Supermarket Sweep

Taste Review 148 – Smokehead

Christmas. Done and dusted for another year and good riddance to it all. I really cannot be doing with all the hustle and bustle of people getting ready for some festival that pretty much most people don’t seem to believe in and spending money that they may not be truly able to afford to waste.

The first recorded Christmas celebration was in Rome during 336AD, which is quite fitting, for the gluttony that traditionally takes place at this time of year wouldn’t be out of place in a Roman orgy. Perhaps nothing much has changed after all? I had decided that this year we’d just treat our child and keep everything else low key. Being a good Aberdonian, I wasn’t really wanting to waste cash on anything that wasn’t necessary, though I’d caved in a bit when it came to the budget for Brussels Sprouts, Pigs in Blankets and crisp based snacks. The wife intimated that she wasn’t really looking for much for Christmas (or she gave me that impression, which was to be my defence if needed) and didn’t look that disappointed when that’s exactly what she got. Well, sort of; more about that at the end.


A typical Roman celebration in December for Saturnalia. I suppose they didn’t have Hogmanay to fall back on. Doesn’t seem much has changed.

One of the things I dislike most about the festive season is being asked what do I want as a gift? I let it be known that I’d be happy with getting very little, but my wife wasn’t going to let me away with that so easily. As I tend to buy what I want when I need it, I couldn’t really say that I needed a new power tool. I’m pretty much fashion unconscious, so the offer of new clothing wasn’t taken up. My favourite designer is F&F and I only wear clothes because we have to in public. It gets pretty Baltic in this part of Scotland for most of the year, so clothes are a good idea for more than legal reasons. I sort of knew I was heading for the present that most whisky geeks may detest – Supermarket Whisky.


Putting all the batteries in the decorative animatronic toys is also a festive bugbear. And so is taking them out 4 weeks later.

I’m not that much of a whisky fascist, as there are sometimes a few bottles of whisky in a supermarket that may be acceptable, but the problem is that my dearest knows next to nothing about whisky, and shows little or no interest in reading my blog so had no idea what I’d like. I’d instantly start to feel guilty about asking for something like Talisker 18 while my wife is currently taking time out of her career to look after our child. There was a slight glimmer of hope when she went shopping in Inverness just before Santa day, as she was wanting to go into Leakeys Bookstore – just up the street from wine and spirits retailer Wood Winters. The command that was issued to the effect that I was banned from entering her dressing room once she came home from that trip meant the chances were even higher of something decent. But I was deceiving myself.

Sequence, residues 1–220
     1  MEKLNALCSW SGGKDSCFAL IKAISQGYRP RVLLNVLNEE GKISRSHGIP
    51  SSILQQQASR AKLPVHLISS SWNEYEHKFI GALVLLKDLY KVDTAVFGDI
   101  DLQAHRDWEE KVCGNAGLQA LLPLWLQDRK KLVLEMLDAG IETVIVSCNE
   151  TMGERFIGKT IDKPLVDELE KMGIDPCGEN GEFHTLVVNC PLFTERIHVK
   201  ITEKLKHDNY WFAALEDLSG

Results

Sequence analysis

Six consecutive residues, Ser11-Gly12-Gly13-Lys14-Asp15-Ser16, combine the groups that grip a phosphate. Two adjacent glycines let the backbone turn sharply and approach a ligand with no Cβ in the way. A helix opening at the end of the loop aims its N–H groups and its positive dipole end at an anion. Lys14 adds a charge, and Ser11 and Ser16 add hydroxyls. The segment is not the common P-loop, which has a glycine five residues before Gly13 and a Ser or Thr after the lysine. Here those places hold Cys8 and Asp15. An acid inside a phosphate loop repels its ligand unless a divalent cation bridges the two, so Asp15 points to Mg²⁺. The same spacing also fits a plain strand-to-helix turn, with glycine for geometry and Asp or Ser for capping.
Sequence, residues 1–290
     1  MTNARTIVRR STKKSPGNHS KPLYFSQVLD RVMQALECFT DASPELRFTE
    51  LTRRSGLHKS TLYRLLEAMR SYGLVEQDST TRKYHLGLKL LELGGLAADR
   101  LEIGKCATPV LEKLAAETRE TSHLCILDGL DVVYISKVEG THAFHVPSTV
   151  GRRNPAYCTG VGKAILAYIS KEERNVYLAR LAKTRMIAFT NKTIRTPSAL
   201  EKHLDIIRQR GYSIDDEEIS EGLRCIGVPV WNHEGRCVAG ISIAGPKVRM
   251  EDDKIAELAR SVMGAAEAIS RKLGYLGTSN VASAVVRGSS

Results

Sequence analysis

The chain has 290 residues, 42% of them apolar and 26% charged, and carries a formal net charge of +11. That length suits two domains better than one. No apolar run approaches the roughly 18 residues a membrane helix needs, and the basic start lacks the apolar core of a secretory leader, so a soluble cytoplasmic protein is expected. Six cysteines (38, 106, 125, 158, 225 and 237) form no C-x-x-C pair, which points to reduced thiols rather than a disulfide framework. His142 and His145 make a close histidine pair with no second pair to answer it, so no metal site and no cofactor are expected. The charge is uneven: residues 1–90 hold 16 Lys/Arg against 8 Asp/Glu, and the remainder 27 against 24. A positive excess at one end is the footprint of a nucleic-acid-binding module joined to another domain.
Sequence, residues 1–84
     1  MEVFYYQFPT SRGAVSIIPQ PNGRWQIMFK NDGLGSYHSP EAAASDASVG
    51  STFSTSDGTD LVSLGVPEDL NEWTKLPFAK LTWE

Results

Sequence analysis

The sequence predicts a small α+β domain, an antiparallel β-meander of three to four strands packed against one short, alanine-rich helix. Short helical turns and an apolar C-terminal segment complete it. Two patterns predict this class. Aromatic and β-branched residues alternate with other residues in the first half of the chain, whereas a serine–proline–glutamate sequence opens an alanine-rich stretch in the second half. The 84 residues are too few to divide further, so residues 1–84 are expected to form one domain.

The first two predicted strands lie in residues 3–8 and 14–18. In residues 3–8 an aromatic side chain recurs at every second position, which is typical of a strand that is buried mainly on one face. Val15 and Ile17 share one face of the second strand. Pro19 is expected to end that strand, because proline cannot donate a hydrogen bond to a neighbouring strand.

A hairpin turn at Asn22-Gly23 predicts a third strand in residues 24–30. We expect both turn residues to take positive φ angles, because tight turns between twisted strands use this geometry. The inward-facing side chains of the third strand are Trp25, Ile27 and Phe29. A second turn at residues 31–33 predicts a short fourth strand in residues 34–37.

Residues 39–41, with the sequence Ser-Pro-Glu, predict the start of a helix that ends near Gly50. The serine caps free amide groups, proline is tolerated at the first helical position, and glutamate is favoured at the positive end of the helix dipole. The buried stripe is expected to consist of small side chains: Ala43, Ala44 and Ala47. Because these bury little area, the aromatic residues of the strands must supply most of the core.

Please God, no! Don’t let her buy any of this! And since when did Welsh whisky become local to a Tesco in Speyside?

I’m no stranger to a supermarket whisky gift. Previous presents have been Johnnie Walker Red, Laphroaig Select, Cardhu Gold, Glen Keith, Glen Moray Classic. None of these I’d say are bad whiskies, but definitely not anything I’d purchase myself. There was a wee bit of worry that I may end up with a full size Jura Journey, which given it took me over 5 years to finish a half sized bottle that ended up being poured down the sink filled me with dread. Even if it was a whisky from a specialist retailer, what would she get me? At best I was looking at a Macallan or Glenmorangie, which aren’t to be sniffed at, but not that exciting either. I started to mull over the contemplation that the word “Gift” is also the German word for poison, and wondered if the person who entered that into their lexicon had received supermarket whisky as part of a Christmas present. The regret from not asking for something from the Master Of Malt site was growing. I knew all my contemporaries on social media will be parading the fantastic whiskies that I’d love to try and didn’t want the feeling of pity when they learnt I got something so uninteresting as supermarket whisky.

Come the big day and I was right. It was supermarket whisky. However it was a complete surprise, as I hadn’t had it before and it turns out that my wife had put a bit of thought into it. My gift was a bottle of Smokehead. Not the basic one at 43% but the 40% even more basic version. Probably loaded with colour, chill filtered and as thin as water. I was going to find out that my misconceptions were misplaced.

Smoked bottle makes it look darker than it is.

Smokehead – NAS

Region – Islay Age – NAS Strength – 40% abv Colour – Cherry Oloroso sherry (1.2) Cask Type – Not stated. Colouring – Not Stated but likely Chill Filtered Not stated but most likely. Nose – Sweet. Strawberry fondant cream, petrol, salty smoke, a hint of TCP, vegetal note of silage. Palate – sweet arrival with no obvious kick. Banana, ginger, malt, salt, smoked bacon, vegetal, liquorice. There is an oily mouthfeel which while light is surprising for such a low abv. A mineral note is present in the later part of the palate. Finish – Spicy but short finish. Ginger and nutmeg, mineral taste, coupled with smoke and a light TCP. Similar to Laphroaig, seaweed, oak and a hint of char.

A healthy pour. Well, it is only 40%!